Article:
It's interesting to look at the all-time BTC chart. If we watch the chart on the log scale (as opposed to the linear scale), we can notice that the current BTC pump is at least the 4th (or even the 5th) big pump in BTC history.
I don't know what caused the pumps in 2010, 2011 or 2013, because I didn't follow BTC at that time. Some say it was because of halvings, or maybe it was due to BTC adoption in the Darknet, or better trading infrastructure, some trigger inside the then small crypto community. Anyway, at that time Bitcoin was cheap and it was relatively easy to drive it, say, from $1 to $25 or even from $100 to $1000 apiece.
But the pump of 2017 was definitely the result of the "retail FOMO". In early 2017 BTC made a new ATH above the nice figure of US$1000. Matured shitcoins and CUDA/OpenCL-enabled mining algos made GPU mining available (and profitable) again. The miners rushed to buy GPUs and created shortages and inflated prices which gradually draw the public attention. At last, casual people learned about the magical internet money priced at $1000 apiece, watched the price growing every day, a hype media tsunami went on, the casuals bought themselves all in -- and got rekt.
By 2020 most of those who got rekt in 2017 have already learned that they'd be much better financially if they steer clear of speculating a shit when they know anything neither about the shit nor about speculation. In 2020 even experienced speculators were not sure about the pump. Myself sold my BTC stack at about $13K and had to rebuy it later at a higher price (the fact that doubts my trading experience, unfortunately). Another trader guy I'm watching was not sure about the pump for weeks, until the price went from $10K to almost $20K. Yet another trader guy was trying to short BTC at $18K. What I mean is that this time it was hardly any "retail FOMO" that fueled the pump.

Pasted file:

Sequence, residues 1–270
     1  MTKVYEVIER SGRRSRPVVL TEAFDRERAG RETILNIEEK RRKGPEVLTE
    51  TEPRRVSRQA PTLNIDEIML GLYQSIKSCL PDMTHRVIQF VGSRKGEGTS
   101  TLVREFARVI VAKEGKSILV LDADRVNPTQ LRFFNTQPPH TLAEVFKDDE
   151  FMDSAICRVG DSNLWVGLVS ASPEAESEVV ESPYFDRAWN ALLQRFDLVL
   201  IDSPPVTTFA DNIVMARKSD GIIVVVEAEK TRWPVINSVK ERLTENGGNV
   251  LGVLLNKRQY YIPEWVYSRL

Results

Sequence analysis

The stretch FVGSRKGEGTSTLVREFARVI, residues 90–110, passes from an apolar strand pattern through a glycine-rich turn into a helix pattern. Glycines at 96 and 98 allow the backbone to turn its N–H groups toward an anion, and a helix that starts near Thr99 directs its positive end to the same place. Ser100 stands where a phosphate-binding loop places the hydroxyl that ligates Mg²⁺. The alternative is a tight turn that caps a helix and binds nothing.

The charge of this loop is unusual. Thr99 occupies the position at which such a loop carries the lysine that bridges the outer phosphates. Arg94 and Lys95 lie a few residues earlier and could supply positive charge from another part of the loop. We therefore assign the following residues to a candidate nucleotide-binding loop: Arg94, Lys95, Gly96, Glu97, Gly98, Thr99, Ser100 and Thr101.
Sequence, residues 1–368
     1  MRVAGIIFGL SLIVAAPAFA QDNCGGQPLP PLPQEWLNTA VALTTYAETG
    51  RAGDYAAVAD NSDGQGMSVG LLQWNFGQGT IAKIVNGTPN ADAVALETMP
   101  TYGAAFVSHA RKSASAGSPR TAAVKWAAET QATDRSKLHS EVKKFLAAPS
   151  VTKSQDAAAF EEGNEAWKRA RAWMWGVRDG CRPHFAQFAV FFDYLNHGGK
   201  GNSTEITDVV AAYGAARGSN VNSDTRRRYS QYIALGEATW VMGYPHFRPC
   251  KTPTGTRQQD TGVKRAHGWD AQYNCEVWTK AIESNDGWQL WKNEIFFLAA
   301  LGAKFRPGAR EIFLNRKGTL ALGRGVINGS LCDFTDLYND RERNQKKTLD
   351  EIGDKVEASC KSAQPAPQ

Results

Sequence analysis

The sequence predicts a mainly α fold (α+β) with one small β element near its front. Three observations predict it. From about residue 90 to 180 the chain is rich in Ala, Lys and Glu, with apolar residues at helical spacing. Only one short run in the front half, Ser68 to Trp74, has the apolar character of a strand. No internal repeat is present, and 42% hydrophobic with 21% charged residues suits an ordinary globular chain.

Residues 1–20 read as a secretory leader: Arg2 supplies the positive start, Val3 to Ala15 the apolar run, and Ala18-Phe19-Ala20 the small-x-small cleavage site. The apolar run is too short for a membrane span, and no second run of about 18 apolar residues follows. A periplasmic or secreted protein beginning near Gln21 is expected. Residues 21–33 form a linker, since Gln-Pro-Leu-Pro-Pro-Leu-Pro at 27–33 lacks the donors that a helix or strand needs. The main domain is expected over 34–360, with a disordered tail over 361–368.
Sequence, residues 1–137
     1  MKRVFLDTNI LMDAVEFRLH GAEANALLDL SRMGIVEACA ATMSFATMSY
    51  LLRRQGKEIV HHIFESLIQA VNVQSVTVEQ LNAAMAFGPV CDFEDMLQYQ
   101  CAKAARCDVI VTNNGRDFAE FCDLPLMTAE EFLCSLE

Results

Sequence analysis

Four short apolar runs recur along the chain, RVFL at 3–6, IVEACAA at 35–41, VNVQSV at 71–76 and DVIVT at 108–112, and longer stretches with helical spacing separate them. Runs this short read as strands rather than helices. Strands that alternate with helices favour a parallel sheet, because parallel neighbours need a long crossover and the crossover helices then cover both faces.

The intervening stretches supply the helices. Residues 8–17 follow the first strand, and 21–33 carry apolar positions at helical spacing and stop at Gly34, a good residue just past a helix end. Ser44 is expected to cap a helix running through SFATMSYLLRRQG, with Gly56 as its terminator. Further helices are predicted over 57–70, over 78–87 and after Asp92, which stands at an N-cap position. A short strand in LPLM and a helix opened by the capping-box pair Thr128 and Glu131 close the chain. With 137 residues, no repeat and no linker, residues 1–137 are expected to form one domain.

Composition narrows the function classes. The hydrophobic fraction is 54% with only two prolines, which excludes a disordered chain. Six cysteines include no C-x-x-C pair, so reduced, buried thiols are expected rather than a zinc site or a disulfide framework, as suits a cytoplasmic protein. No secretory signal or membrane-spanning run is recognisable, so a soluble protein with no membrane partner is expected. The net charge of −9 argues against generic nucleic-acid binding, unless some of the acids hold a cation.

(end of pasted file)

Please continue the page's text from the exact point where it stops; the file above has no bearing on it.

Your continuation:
The crypto folk has already coined the term "institutional FOMO". It sounds cool indeed, but I doubt it's the case at the moment. So far we have only like about two "institutional" buyers who're definitely not FOMO-ing, even if they keep buying BTC at $30K. The real FOMO is yet to come if those big guys succeed in luring other big guys to buy into crypto.
If they succeed, the pump of 2021 will be huge, in absolute figures (albeit probably much smaller logarighmically, than the pumps of 2011 or 2013). At the moment I don't discuss why those big guys would want to go into crypto (if they would at all), but if they would -- they would go in with millions or even hundreds of millions of US dollars. And if they do, it will be very interesting to see why they do it (and whether those "smart money" get rekt just like "dumb retail" at the end of the day).
But the main feature of the possible 2021 pump is that if it does happen it will probably be the last big crypto pump (or at least the last big BTC pump).
Really, after the "institutions" who next will be able to drive the price another 2x, say, from $100K to $200K and even more from $249K to $498K? Dumb retail or the governments? And why? Here again we return to the question of Bitcoin myth.
In the end I'd like to notice that a newly expected pump is a matter of weeks or even months. If you're going to buy $100M of crypto, you just can't take your credit card out and simply buy it the next minute through some "Buy BTC online now!" shitservice. At least, you have to wait for your wife to approve the deal.
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